It is estimated that up to 20% of the United States population avoids the dentist due to dental fears or phobias. This means that as many as 64 million people are scared to attend a routine dental visit – only going to the dentist when it’s utterly necessary, if at all. Many different factors can lead to dental anxiety, like embarrassment or a fear of needles, with some situations being more extreme than others.
Without proper dental care, many unfortunate health issues can arise. Patients don’t have to stay away from the dentist any longer, though. With compassion and a heightened sense of understanding, dentists like Hall and Butterfield Family Dentistry can help alleviate your fears and get you back on the path to great oral health.
Am I Afraid of the Dentist?
Many people experience some fear or uneasiness when it comes to visiting the dentist.
Have you ever:
- Cried at a dental appointment or while thinking about having to go to the dentist?
- Lost sleep prior to a dental appointment?
- Felt nervous before a visit, only to have the feeling intensify in the waiting room?
- Been sick to your stomach when faced with a dental visit?
- Hyperventilated at the dentist or just thinking about an appointment?
If you have ever encountered one of the feelings listed above, you may be one of the millions who suffer from a dental fear or phobia.
Common Causes of Dental Anxiety
While some dental anxieties are rooted in psychological disorders, others can stem from scary childhood experiences.
- Fear of the Unknown or Having No Control – Many people simply hate the feeling of having no control in the dental chair. Since many dental issues cannot be diagnosed until the actual visit, there’s no way of knowing what instruments or techniques will have to be used during the visit. When you can’t prepare yourself mentally for what’s to come, it can be scary.
- Fear of Pain – Patients often have an unfounded fear of pain. They believe that a procedure will cause unbearable pain when it will actually ease whatever pain they are currently in. Included in this category are patients who have experienced anesthesia problems in the past, or are afraid that the dentist’s local anesthetic will not work on them.
- Fear of Needles – Trypanophobia is the fear of needles and injections. Even if a patient does not typically fear a dental visit, having to use a needle to apply anesthesia could trigger a negative response.
- Fear of Anesthesia Side Effects – When the dentist has to use a local anesthetic for a procedure, some people fear the side effects. Common side effects include numbness and cheek or eyelid drooping.
- Previous Dental Experiences – Countless patients hate the dentist because they’ve had a traumatic experience during childhood. Perhaps anesthesia didn’t kick in before treatment began or a hygienist mocked the appearance of their teeth. Whatever the cause, the thought of having to return to a dental chair is stressful and nerve-racking for many people.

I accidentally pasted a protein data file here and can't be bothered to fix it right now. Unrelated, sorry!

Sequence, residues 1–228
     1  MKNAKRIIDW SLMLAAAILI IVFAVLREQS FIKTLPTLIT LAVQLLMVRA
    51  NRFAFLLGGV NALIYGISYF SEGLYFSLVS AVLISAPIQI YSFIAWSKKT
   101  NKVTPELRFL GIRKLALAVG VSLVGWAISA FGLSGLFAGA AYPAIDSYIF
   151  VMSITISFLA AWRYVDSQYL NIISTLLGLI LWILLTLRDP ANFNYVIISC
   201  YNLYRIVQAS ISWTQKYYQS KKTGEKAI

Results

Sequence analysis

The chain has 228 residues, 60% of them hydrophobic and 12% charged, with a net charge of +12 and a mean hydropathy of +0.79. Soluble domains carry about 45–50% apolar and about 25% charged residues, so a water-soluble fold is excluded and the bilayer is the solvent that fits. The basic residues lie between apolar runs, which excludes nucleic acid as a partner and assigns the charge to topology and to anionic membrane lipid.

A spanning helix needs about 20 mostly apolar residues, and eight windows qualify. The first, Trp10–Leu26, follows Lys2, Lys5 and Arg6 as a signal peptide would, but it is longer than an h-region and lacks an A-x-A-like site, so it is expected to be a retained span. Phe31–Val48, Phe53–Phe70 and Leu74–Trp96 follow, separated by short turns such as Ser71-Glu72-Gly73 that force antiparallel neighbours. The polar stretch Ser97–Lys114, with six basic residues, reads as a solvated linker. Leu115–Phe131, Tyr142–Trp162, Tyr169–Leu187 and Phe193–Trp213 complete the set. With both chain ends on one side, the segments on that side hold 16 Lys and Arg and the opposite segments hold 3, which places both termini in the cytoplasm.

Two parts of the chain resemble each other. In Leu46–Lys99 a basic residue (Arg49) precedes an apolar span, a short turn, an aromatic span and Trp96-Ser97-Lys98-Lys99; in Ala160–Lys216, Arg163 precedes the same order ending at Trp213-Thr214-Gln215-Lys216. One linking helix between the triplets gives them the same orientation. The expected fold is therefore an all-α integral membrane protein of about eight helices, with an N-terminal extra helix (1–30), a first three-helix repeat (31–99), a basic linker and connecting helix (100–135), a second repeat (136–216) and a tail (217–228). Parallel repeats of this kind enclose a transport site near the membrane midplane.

- Embarrassment – Drug or alcohol abuse, smoking, or just years of neglect make many people ashamed of their oral health.
- Previous Abuse – Victims of sexual or domestic abuse often have issues when it comes to someone invading their personal space. Unfortunately, dental procedures require very detailed work – often resulting in the dentist or hygienist leaning over a patient’s body and close to his or her mouth.
- Mental Disorders – Sometimes fear of the dentist occurs as a side effect from another problem. Post-traumatic stress disorder, anxiety disorders, and other mood disorders can make someone irrationally afraid of the dentist without any specific root cause.
Dental Fears Versus Phobias
Dental fears are much different than dental phobias. A dental fear can be overcome if the situation is urgent enough – like severe tooth pain or a broken tooth. With a dental phobia, patients are so overwhelmingly frightened by the dentist that they will ignore pain or even tooth loss at all costs. To overcome their sense of dread, some patients must seek psychiatric treatment before dental treatment can be performed.
The Consequences of Avoiding the Dentist
Just like poor hygiene, refraining from routine dental checkups can lead to many health problems. Many people eventually develop gum disease, lose teeth prematurely, or deal with constant tooth pain. Although those oral health issues are serious on their own, gum disease has also been linked to diabetes, heart disease, and stroke. Avoiding the dentist can literally be life-threatening, especially when an infection is involved.
Easing Fears One Patient at a Time
At Hall and Butterfield Family Dentistry, we understand that at least one out of every five patients we see has some sort of dental fear or anxiety. We talk to our patients about any issues or concerns at the beginning of every visit, and we invite patients to come and speak to us prior to their appointments to discuss their phobias or apprehensions in depth.
We can customize our patient experience by:
- Discussing the techniques and tools we plan to use beforehand, if necessary, to give you the knowledge you need to prepare for a procedure
- Applying the amount and type of local anesthesia that works best for you and your pain tolerance level
- Allowing a relative or friend to sit with you during your treatment
- Creating a signal to indicate that you need a break or have an issue
- Encouraging headphones and other devices that can distract your attention
- Making sure you are comfortable every step of the way
We strive to provide our patients with the best dental care possible. It’s not our job to lecture you; we simply want our patients to maintain good oral health. If you have a dental fear or phobia, contact us today. We will address your needs and tailor a treatment plan that will keep you relaxed, calm, and healthy. Let us help you get back in the dental chair and on the road to a dazzling smile in 2017.